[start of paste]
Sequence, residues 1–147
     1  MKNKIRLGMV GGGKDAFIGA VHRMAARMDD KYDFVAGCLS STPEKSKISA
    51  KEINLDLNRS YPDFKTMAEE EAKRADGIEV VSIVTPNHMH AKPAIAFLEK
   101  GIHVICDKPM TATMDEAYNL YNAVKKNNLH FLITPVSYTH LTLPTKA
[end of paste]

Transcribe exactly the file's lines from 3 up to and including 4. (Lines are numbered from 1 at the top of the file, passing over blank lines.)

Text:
    51  KEINLDLNRS YPDFKTMAEE EAKRADGIEV VSIVTPNHMH AKPAIAFLEK
   101  GIHVICDKPM TATMDEAYNL YNAVKKNNLH FLITPVSYTH LTLPTKA